The residents of a five-story apartment building in Berkeley were evacuated early this morning when an exterior debris fire was reported, a deputy fire chief said. -more-
Updated: Berkeley Police and Fire Respond to Hazardous Materials Incident and Death at Berkeley City Club
A pedestrian struck and killed by a Union Pacific freight train in Berkeley on Monday has been identified as Matthew Finch, a 28-year-old El Cerrito resident, according to the Alameda County coroner's bureau. -more-
By next fall, California Memorial Stadium not only will be bustling on football game days, but busy all week as a vibrant new campus gateway and a multi-use building filled with both academic and athletic activities. Classrooms, an auditorium, food vendors, a student store, a fitness center and more will inhabit the stadium, which reopened in August 2012 after a $321 million renovation.
In addition, campus tours will originate from a scenic new home for the UC Berkeley Visitor Center, which serves more than 150,000 people a year. The spectacular views of UC Berkeley and the Bay Area from the stadium’s club levels will continue to be enjoyed by private, corporate and campus groups that since fall 2012 have rented them for more than 180 special events.
The refurbishment and retrofitting of the 90-year-old stadium, and the creation of the adjacent 1.5-acre Lisa and Douglas Goldman Plaza, was done to create a safer and more modern sports venue, and also to open the eastern part of UC Berkeley to the entire community, said Bob Lalanne, who became UC Berkeley’s first vice chancellor for real estate last December.
“Our whole objective was to take this beautiful, historic building and make it more of a campus community asset 365 days of the year, rather than just for seven game days. The way Lower Sproul Plaza is being turned into a new living room for the campus, this space will essentially become ‘Sproul Plaza East,’” he said. The project, which will roll out over two years’ time, is a joint effort between Lalanne and Vice Chancellor for Administration and Finance John Wilton. -more-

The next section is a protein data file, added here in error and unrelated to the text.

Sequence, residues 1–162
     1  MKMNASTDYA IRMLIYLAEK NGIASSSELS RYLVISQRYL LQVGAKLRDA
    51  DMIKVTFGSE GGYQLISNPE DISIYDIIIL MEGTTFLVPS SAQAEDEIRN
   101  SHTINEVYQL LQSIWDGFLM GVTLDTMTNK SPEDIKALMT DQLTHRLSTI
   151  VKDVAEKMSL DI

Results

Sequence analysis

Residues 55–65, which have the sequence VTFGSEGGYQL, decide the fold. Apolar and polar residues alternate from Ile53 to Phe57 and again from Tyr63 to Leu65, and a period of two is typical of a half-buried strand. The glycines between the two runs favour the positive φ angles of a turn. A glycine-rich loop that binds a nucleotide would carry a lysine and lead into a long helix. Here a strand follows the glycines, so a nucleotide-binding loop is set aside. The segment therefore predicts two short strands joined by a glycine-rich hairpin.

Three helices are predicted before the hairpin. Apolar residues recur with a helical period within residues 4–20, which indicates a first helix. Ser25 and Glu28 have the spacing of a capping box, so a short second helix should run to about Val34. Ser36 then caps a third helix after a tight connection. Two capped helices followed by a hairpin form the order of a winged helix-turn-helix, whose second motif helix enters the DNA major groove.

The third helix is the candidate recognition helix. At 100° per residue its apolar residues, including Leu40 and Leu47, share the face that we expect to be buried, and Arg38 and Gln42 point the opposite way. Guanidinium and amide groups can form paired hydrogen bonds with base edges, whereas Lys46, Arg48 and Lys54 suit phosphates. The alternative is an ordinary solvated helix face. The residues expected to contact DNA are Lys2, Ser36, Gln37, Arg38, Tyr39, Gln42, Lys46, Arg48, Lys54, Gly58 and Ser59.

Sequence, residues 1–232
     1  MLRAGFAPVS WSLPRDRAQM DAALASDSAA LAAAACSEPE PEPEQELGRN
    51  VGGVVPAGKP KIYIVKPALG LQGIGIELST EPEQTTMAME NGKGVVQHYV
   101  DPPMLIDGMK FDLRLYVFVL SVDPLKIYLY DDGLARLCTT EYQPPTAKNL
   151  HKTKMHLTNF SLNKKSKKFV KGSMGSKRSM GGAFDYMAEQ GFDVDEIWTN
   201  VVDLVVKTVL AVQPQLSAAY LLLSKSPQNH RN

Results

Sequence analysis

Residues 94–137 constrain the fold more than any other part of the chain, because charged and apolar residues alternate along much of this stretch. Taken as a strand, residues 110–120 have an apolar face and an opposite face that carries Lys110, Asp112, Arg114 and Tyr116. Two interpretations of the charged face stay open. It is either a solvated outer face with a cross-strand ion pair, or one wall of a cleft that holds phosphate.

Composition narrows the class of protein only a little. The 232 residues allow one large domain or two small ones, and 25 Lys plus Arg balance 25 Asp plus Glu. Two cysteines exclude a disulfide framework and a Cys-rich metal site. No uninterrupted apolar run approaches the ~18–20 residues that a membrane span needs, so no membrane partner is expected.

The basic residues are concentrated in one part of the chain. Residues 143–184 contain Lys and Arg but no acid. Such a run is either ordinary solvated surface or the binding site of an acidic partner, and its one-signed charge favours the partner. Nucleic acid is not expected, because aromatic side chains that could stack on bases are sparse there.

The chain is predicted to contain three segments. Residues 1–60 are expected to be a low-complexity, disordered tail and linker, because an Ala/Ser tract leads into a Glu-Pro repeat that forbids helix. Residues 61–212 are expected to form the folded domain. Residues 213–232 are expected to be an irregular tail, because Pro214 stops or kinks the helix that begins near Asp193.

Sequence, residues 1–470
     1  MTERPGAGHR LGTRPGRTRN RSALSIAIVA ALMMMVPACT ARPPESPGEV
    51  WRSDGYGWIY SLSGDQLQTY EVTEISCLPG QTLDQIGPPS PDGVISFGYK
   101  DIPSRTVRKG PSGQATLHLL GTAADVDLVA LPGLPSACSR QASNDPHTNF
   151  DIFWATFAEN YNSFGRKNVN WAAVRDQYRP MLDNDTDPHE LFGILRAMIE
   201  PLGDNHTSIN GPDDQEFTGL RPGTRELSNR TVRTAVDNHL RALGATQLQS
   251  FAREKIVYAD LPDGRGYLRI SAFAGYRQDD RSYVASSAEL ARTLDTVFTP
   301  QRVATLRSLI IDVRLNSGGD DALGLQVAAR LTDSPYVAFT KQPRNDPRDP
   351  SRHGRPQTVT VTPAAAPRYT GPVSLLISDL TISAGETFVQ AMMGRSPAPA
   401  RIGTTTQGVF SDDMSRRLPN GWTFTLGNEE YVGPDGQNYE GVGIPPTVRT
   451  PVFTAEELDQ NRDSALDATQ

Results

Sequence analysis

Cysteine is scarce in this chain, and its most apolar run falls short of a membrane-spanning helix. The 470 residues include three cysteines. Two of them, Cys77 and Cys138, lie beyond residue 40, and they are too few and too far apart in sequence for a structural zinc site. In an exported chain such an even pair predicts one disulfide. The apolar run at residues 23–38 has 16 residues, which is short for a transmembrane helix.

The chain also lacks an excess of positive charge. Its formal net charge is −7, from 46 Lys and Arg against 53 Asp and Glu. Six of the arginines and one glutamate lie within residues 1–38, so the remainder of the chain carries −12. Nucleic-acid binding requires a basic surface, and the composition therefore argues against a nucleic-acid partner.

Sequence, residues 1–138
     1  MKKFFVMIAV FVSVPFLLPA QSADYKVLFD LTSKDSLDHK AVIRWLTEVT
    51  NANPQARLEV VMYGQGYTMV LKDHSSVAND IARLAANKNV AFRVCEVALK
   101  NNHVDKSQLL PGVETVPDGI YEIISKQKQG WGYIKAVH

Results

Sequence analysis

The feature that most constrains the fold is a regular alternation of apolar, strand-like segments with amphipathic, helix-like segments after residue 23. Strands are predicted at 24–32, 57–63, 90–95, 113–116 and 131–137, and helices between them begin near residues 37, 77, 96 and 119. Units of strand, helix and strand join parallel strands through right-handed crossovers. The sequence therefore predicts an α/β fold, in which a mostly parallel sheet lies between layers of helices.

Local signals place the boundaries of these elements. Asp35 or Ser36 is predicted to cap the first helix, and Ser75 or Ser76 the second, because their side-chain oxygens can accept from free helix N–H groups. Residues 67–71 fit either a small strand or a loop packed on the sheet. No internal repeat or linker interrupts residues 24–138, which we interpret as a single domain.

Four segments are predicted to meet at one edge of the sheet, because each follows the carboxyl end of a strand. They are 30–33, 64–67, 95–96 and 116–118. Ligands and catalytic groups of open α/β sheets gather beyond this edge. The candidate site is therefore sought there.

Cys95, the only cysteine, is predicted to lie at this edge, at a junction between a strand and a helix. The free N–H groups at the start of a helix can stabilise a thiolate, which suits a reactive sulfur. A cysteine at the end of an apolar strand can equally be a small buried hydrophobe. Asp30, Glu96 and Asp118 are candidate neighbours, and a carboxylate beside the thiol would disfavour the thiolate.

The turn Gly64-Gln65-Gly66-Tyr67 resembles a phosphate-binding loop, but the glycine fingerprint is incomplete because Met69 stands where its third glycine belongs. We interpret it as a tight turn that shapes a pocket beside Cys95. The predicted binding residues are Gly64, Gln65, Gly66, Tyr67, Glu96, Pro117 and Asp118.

A pedestrian was struck and killed by a Union Pacific freight train in Berkeley this morning, fire and railroad officials said. -more-
Yesterday I spoke to Mr. Mendiola at the Alameda County Coroner’s Office about the cause of death of the homeless man who was found dead in downtown Berkeley near the corner of Shattuck and Kittredge at about 7:30 a.m. on February 6, 2014. Mr. Mendiola stated that he died of “acute bilateral lobar pneumonia” and “coronary atherosclerosis”. In other words he died of pneumonia because he had been in the rain all night long and he had a bad heart due to lack of adequate medical care. -more-
On Valentine’s Day, University of California at Berkeley math professor Edward Frenkel wrote an essay in The New York Times entitled, “Is the Universe a Simulation?” It became the most forwarded essay on Facebook for the Times.
The classic science series Cosmos recently relaunched, so it seems appropriate to describe how math can help explain another aspect of our universe. Since this is “Pi Day,” such an essay couldn’t be more timely: -more-
On March 15 my temporary disabled parking placard expires, a handy red tag that hangs on the rear view mirror and allows convenient privileges like use of blue zones and free unlimited parking elsewhere. These are among the small compensations for enduring pain.
It began two years ago with an ache in my right knee. After months of physical therapy, I had an X-ray last summer that revealed pelvic bone-on-bone and foretold total hip replacement.
I should have cancelled a London trip that was planned as a celebration of my retirement, but the doctors said go and take pain meds. And so I went, stupidly. Having conducted theater tours to England for over 20 years, I knew the territory. My old friend Fiona, a bursar at the University of London, booked me into my usual room at the top of Canterbury Hall, overlooking roof gardens and chimneys to the clock tower of Kings Cross station. To the south, I could see the Shard, the capital’s newest skyscraper. I was home away from home. -more-
Dixie Finley had had enough of watering her lawn, and, as a long-time observer of the natural world (she is an expert animal tracker) she knew her turf didn't provide habitat for wildlife. So it was with pleasure on a fall morning in 2012 that she welcomed the group of thirty shovel-bearing Mow no Mo'! participants who arrived at her home in Livermore.
This mixed group, comprised of everything from first-time homeowners to senior citizens, and everything in between, worked in Dixie's front garden, trenching along her driveway and sidewalk, laying out cardboard, spreading compost, and shoveling a large pile of woodchips. A few hours after the group arrived, her lawn was gone. -more-